Prof. Wolters finds it significant that shortly after Brown, the Supreme Court handed down a series of brief decisions forbidding segregation of public swimming pools, tennis courts, golf courses, etc. It did not give any reason for these rulings, noting only that they were rendered “in light of Brown.” These rulings meant no one was to be excluded from such facilities because of race, but cities were not obliged to cart people around town to make sure swimming pools were “integrated” rather than merely “desegregated.”
Prof. Wolters points out that during the late 1950s and early 1960s Americans had a traditional view of the role of schools. They took it for granted that children varied in ability and that it was logical to group them on that basis. They also took it for granted that the job of the schools was to teach academic subjects, not to instill self-esteem or promote “diversity.” When the Soviets beat us into space by orbiting Sputnik in 1957, it only encouraged the traditional view that school should be rigorous and science-oriented.
It was common even to complain that schools were not challenging the very best students; hardly anyone complained that they were neglecting the “downtrodden.” It was a time when James Conant, president of Harvard, scoffed at what he called “the dogma one often hears: that all the youth, irrespective of academic ability and interest, should complete grade twelve.” Only a few fanatics thought it was the job of the schools to mix the races.
It was in the 1960s that fashions changed. Americans put men on the moon (thereby proving we had caught up with the Soviets), blacks rioted, and people began to think schools should compensate for “disadvantage.” Schools were to become laboratories for liberalism as much as they were places of learning.
Absent from most histories is any but the most superficial and hostile treatment of the resistance to desegregation. Race and Education not only covers many neglected incidents in detail, it even notes that segregationist predictions were often correct.
On the legal front, the high-water mark of resistance was the now largely forgotten 1963 case of Stell v. Savannah. Dismayed that the Brown Court had based a decision on social science rather than law — and miserable social science at that — the segregationists decided to counter with social science of their own. They found a sympathetic South Carolina trial judge, Frank Scarlett, and sued to keep public schools separate. Prof. Wolters tells the story well.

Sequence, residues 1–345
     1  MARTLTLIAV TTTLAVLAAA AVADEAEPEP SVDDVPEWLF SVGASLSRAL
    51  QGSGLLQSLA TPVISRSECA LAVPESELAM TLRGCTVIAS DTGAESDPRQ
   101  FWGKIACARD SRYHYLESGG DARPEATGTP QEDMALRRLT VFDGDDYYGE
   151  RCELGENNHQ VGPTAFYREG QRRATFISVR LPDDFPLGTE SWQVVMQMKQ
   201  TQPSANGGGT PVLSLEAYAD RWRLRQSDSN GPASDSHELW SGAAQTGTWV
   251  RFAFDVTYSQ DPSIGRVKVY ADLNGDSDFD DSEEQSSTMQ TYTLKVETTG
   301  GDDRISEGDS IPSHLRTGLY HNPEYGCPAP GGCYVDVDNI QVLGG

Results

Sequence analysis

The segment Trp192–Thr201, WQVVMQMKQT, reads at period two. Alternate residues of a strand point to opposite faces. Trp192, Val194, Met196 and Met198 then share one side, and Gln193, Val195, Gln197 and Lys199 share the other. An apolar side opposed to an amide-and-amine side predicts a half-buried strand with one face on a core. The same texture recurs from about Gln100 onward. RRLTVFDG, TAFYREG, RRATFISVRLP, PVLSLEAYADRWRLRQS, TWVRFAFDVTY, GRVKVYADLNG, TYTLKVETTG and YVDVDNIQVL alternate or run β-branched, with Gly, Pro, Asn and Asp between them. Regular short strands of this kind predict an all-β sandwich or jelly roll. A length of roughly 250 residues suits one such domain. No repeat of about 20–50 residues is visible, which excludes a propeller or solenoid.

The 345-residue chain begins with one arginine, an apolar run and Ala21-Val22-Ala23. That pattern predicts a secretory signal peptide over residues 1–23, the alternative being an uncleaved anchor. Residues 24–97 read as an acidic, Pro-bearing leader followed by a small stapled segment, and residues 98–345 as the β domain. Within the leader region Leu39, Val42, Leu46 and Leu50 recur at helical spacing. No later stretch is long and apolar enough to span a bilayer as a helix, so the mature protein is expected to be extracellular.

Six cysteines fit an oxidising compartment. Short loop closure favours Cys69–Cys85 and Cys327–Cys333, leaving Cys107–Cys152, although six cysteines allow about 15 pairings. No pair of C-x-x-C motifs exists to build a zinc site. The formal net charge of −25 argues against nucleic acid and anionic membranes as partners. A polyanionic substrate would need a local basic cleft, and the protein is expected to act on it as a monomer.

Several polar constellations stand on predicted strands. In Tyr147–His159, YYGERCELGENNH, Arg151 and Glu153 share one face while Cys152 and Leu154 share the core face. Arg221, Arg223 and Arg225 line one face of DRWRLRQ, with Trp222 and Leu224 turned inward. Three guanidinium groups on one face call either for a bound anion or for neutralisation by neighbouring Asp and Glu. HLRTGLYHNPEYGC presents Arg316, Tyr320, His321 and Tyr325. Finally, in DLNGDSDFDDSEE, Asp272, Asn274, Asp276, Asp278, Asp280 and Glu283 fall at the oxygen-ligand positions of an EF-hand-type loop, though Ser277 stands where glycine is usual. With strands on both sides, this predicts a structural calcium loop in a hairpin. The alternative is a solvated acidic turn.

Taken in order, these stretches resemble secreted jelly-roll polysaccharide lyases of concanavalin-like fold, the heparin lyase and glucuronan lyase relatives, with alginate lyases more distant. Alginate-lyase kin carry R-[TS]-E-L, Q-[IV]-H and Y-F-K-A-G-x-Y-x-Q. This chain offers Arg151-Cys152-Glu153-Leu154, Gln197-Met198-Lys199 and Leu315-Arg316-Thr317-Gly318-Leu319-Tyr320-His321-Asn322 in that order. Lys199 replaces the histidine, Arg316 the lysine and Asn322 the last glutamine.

The NAACP, which had lobbied the Supreme Court to admit sociological studies now took the opposite stance, insisting that science was irrelevant and that the legal precedent of Brown was all that mattered. Judge Scarlett, however, let an all-star lineup of race-realist scholars testify about everything from Kenneth Clark’s slanted doll studies to racial differences in IQ to reasons why whites and blacks were better off in separate schools. They predicted what actually happened: that blacks would not do better academically just because they went to white schools, that they would self-segregate just as they did in the North, and that there would be serious discipline problems. Full-scale integration, they predicted, would “ruin the white schools.” Professor Wolters writes that Wesley Critz George, emeritus professor of anatomy at the University of North Carolina medical school, reduced the NAACP lawyer Constance Motley to tears when he testified about mental differences between blacks and whites.
The NAACP did not even try to refute this evidence; it called no witnesses. Judge Scarlett duly ruled in favor of maintaining segregated schools but his decision was overturned. The Fifth Circuit Court of Appeals wrote that the lower court’s job was to enforce desegregation as ordered by the Supreme Court, and that “no inferior court may refrain from acting as required . . . even if such a court should conclude that the Supreme Court erred.” Legally, it was the end of the road for segregated public education.
The Civil Rights Act of 1964 was passed just one year after the Stell case. Its provisions about employment and public accommodation are well known, but its provisions about schools are often overlooked. Prof. Wolters points out that the law ordered the attorney general to enforce desegregation of schools, but did not require integration: “‘desegregation,'” according to the law, “shall not mean the assignment of students to public schools in order to overcome racial imbalance.” This was in accordance with the general understanding of Brown.